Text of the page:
Dear Heloise: I'd like to know how to get rust off a cast-iron skillet, and how to season it. I enjoy your hints in The Winchester (Va.) Star.—Ruth R., Winchester, Va.
Ruth, happy to help! To remove rust, a steel-wool pad is your answer. Buff off the rust spots, wash with soap and water, rinse and dry completely.
Seasoning is a several-step process. When the skillet is totally dry, wipe a light coating of shortening or light cooking oil on the entire inside of the skillet, including the lid. (Aerosol-spray oil shouldn't be used due to chemicals in the propellant.)
Then place the skillet in the oven UPSIDE DOWN on a baking sheet that has been wrapped in foil. Bake at 350 degrees in the oven for one hour. Then let the skillet cool in the oven.
After preparing foods in your cast-iron skillet, let it cool and use a nylon scrubber, rinse thoroughly and dry. Don't soak or let water stand in your cast iron.
Readers, cast iron is wonderful for preparing comfort foods for the fall. What do you prepare in your cast-iron cookware?—Heloise
Dear Heloise: Just wondering: Why does aluminum foil have a shiny side and a dull side? Is there a difference between the sides?— Amy R., Allison Park, Pa.
Amy, no worries. There is no difference between the sides of aluminum foil. One side is shiny because it comes in contact with metal rollers in the manufacturing process, which "polishes" that side.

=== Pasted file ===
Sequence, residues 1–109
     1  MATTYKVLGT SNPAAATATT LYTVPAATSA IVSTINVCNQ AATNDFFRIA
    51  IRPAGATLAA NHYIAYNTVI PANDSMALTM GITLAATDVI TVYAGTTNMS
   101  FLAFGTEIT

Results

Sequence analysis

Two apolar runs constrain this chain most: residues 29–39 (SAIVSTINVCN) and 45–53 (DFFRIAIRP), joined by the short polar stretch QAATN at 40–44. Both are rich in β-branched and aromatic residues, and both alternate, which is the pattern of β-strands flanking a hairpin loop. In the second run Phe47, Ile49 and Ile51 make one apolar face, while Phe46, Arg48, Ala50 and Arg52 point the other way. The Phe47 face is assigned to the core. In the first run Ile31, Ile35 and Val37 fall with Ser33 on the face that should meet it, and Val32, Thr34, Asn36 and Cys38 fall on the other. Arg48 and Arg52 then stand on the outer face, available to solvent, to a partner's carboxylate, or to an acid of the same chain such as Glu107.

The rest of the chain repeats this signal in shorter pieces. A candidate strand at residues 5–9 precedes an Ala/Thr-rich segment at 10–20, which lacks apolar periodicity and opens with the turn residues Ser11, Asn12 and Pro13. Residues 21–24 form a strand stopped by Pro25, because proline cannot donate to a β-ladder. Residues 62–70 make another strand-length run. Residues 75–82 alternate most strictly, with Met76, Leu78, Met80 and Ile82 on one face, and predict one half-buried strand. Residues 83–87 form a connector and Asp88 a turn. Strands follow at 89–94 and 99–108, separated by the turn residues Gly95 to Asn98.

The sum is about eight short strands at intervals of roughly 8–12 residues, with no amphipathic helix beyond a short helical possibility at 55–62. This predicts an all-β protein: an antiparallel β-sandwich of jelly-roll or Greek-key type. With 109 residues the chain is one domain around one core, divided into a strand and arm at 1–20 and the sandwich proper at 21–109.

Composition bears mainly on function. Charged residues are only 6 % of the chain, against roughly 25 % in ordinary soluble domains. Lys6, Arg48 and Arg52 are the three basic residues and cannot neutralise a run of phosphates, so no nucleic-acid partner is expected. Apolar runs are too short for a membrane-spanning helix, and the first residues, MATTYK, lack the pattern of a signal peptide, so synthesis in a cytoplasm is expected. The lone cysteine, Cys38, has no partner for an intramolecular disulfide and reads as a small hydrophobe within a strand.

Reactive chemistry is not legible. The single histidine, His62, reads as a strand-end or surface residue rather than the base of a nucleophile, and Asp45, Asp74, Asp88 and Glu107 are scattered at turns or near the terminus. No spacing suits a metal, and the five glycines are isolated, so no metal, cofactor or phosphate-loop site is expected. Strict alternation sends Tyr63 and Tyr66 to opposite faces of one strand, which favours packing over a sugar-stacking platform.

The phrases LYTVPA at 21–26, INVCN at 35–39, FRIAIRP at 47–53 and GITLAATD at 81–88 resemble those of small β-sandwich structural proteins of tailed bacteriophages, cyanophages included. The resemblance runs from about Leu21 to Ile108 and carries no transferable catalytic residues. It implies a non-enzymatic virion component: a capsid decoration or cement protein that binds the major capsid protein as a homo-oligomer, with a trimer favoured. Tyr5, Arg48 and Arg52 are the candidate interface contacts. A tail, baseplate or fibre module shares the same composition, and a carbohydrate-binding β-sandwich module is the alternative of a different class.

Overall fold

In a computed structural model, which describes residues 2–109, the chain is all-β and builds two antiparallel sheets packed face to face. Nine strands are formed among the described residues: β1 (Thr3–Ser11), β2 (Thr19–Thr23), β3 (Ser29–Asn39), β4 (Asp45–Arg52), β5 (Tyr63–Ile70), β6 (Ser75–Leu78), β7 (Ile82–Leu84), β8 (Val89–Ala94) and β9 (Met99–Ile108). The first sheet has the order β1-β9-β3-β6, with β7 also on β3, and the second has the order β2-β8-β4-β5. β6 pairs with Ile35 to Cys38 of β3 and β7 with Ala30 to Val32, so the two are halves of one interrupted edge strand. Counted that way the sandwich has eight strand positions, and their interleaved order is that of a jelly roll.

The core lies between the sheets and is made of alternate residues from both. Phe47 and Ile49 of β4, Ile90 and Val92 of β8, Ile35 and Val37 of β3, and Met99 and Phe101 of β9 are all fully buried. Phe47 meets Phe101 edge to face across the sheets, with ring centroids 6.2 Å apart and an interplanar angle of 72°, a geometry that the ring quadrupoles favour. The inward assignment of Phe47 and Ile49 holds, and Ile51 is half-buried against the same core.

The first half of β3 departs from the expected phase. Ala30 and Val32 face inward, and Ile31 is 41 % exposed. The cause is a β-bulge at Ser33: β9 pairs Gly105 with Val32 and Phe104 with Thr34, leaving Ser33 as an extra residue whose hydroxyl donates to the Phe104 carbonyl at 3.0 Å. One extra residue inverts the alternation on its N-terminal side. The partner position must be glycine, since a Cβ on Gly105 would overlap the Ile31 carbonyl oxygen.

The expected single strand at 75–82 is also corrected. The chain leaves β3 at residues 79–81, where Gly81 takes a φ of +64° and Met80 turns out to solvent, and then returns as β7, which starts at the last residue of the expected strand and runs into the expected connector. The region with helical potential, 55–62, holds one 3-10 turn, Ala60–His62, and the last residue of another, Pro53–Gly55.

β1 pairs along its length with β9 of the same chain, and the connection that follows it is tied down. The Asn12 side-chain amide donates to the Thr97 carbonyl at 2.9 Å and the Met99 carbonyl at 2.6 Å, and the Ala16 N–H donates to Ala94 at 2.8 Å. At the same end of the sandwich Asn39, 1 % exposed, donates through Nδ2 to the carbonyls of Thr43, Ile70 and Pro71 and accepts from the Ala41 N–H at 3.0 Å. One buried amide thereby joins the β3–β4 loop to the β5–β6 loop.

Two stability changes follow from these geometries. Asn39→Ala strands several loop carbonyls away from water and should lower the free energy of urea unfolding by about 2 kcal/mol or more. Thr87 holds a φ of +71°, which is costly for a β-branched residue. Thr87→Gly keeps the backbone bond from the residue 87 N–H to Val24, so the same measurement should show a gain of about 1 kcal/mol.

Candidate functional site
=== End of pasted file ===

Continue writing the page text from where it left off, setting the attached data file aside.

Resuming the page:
You may find nonstick aluminum foil on the market. In this case, the nonstick side should touch the food.—Heloise
Dear Readers: Getting away for a quick trip? Pack these items in your carry-on for the airplane or to easily grab in the car:
Dear Heloise: I work in retail, in the fitting room area. This is a heads-up for my fellow retail warriors. I had a customer, wearing long basketball shorts, step into the fitting room with an identical pair of shorts, brand new, from the sales floor.
Only after he left did I realize he had tried on the new pair, kept them on and hung up his old shorts on the hanger to be returned to me!
My hint is: Never confront somebody afterward, but be proactive and let the customer know you're aware of him and the merchandise.—Holly P. in Texas
Get additional hints from the loss-prevention team at your company.—Heloise
Send a money-saving or timesaving hint to Heloise, P.O. Box 795000, San Antonio, TX 78279-5000, or you can fax it to 1-210-HELOISE or email it to Heloise@Heloise.com. I can't answer your letter personally but will use the best hints received in my column.
King Features Syndicate